James Watt BSc’62, MD’67

Dr. James Watt is a 2018 recipient of the UBC Medical Alumni Association Wallace Wilson Leadership Award.

Dr. James Watt graduated from UBC Medical School in 1967 and moved to Rhodesia Zimbabwe, with his wife Bette (BEd’65, MEd’69) in 1970 to take up the post of Chief Medical Officer for Howard Hospital. He remained in Rhodesia until 1984 and returned in 1994 before finally retiring in 1999.

Howard Hospital, a 167 bed general hospital, included medicine, pediatrics, obstetrics, psychiatry, infectious diseases, nurse’s training and community health. In his own words, “due to the 7-year-long War of Independence, I was the only doctor [there] for half this time, starting mobile clinics on land-mined roads to serve the “protected villages” (concentration camps). With our excellent staff, we organized the first mass polio, diphtheria, tetanus and measles campaigns, helping to wipe out these diseases. [We] opposed torture and treated both sides in the conflict, resulting in threats of detention, expulsion and death.”

During his years at Howard Hospital he “helped turn Howard from a few ramshackle buildings into today’s modern health centre that provides affordable care for 270,000 people. Having had a front row seat to the country’s brutal civil war throughout the 1970s, [Dr.] Watt survived multiple assassination attempts along with the largest anthrax outbreak in human history as he and a handful of international doctors grew the hospital on a shoestring budget.” [1]

In 1979, death threats caused him to withdraw from the Howard Hospital; however, he remained in Rhodesia, soon to become Zimbabwe. During this time he worked for the Ministry of Health designing and building teaching aids for rural health workers, treating victims of chemical and biological warfare agents and the plague, and also as a lectured at the University of Zimbabwe Community Medicine based at the Julius Robinson Center.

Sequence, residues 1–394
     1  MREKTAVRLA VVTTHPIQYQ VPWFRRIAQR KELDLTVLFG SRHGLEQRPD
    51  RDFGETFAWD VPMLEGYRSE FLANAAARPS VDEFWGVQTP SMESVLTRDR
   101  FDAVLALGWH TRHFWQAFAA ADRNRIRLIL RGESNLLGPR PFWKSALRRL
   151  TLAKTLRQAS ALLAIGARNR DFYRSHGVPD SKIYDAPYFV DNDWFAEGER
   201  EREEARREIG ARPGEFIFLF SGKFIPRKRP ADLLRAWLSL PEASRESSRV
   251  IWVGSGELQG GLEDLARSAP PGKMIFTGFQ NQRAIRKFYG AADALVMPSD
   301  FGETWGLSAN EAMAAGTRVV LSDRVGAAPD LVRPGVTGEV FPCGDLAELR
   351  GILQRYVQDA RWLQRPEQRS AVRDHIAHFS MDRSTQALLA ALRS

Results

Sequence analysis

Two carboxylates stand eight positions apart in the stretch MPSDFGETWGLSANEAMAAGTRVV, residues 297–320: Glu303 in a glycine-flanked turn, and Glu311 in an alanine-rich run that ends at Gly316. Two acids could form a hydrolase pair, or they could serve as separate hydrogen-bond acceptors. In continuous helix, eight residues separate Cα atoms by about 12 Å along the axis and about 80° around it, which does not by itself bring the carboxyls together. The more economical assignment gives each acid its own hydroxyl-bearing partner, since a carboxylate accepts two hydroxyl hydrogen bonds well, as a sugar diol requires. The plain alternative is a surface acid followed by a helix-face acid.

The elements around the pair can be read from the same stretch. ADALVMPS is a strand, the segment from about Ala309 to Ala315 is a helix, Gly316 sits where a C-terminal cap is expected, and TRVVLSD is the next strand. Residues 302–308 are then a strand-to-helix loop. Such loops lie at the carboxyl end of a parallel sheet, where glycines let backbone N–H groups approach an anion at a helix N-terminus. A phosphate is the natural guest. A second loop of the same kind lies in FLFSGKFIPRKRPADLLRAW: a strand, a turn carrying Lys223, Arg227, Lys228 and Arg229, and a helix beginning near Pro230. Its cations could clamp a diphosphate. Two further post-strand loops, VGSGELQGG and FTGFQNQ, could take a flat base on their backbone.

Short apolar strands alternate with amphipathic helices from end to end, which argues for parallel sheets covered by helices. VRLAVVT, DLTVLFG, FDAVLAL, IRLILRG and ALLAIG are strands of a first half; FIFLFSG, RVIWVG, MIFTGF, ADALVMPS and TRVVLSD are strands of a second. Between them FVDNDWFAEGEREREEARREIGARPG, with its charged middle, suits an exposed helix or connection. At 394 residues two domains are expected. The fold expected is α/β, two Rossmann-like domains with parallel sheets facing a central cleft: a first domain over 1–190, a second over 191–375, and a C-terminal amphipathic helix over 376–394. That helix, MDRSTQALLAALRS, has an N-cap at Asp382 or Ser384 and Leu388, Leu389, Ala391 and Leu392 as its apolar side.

He returned to Canada in 1984 due to fatigue and polyneuropathy, likely caused by exposure to chemical warfare agents. In Calgary, he worked for the Salvation Army Children’s Village and in 1989 Dr. Watt established the Calgary Urban Project Society (CUPS) street clinic. In 1995, he returned to the Howard Hospital where, in his own words, “he started four groups of AIDS-education workers in three languages, using puppets, demonstrations, song and story to educate and empower the youth, especially girls, in the prevention of AIDS.” In 1999, he passed the title of Chief Medical Officer to Dr. Paul Thistle and retired a year later.

In addition to his inspiring work as a physician, Dr. Watt is credited as the inventor of the tippy tap. “Tippy-Tap is a low cost, low water, low tech device to wash your hands in areas where there is no running water … [Dr. Watt] came up with a novel idea of converting the common gourd or calabash into a hand-washing device, which came to be known as ‘Mukombe’.” [2] To learn more about the Tippy-Tap visit http://www.tippytap.org/.

Dr. Watt was awarded the Legión de Honor Nacional de México in 1985 and most recently in 2018 the UBC Medical Alumni Association’s Wallace Wilson Leadership Award.

[1] http://www.thepeterboroughexaminer.com/2012/08/22/supporters-worry-about-future-of-hospital-doctor

[2] https://permaculturenews.org/2014/06/10/tippy-tap-an-outdoor-hand-washing-device/